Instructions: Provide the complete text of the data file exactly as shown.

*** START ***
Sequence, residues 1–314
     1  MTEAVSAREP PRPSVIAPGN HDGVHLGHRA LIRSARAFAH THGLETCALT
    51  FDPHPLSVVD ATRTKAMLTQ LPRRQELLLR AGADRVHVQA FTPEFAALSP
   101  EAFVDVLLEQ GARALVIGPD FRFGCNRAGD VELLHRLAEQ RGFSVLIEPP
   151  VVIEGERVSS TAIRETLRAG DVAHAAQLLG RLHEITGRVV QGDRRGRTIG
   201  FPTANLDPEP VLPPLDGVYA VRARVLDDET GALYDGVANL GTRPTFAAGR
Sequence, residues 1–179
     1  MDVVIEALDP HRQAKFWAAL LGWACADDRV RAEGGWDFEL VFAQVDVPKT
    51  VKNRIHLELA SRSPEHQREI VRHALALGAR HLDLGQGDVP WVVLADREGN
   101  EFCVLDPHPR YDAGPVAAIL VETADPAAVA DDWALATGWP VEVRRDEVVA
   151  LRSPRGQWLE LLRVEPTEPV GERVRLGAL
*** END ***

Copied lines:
Sequence, residues 1–314
     1  MTEAVSAREP PRPSVIAPGN HDGVHLGHRA LIRSARAFAH THGLETCALT
    51  FDPHPLSVVD ATRTKAMLTQ LPRRQELLLR AGADRVHVQA FTPEFAALSP
   101  EAFVDVLLEQ GARALVIGPD FRFGCNRAGD VELLHRLAEQ RGFSVLIEPP
   151  VVIEGERVSS TAIRETLRAG DVAHAAQLLG RLHEITGRVV QGDRRGRTIG
   201  FPTANLDPEP VLPPLDGVYA VRARVLDDET GALYDGVANL GTRPTFAAGR
Sequence, residues 1–179
     1  MDVVIEALDP HRQAKFWAAL LGWACADDRV RAEGGWDFEL VFAQVDVPKT
    51  VKNRIHLELA SRSPEHQREI VRHALALGAR HLDLGQGDVP WVVLADREGN
   101  EFCVLDPHPR YDAGPVAAIL VETADPAAVA DDWALATGWP VEVRRDEVVA
   151  LRSPRGQWLE LLRVEPTEPV GERVRLGAL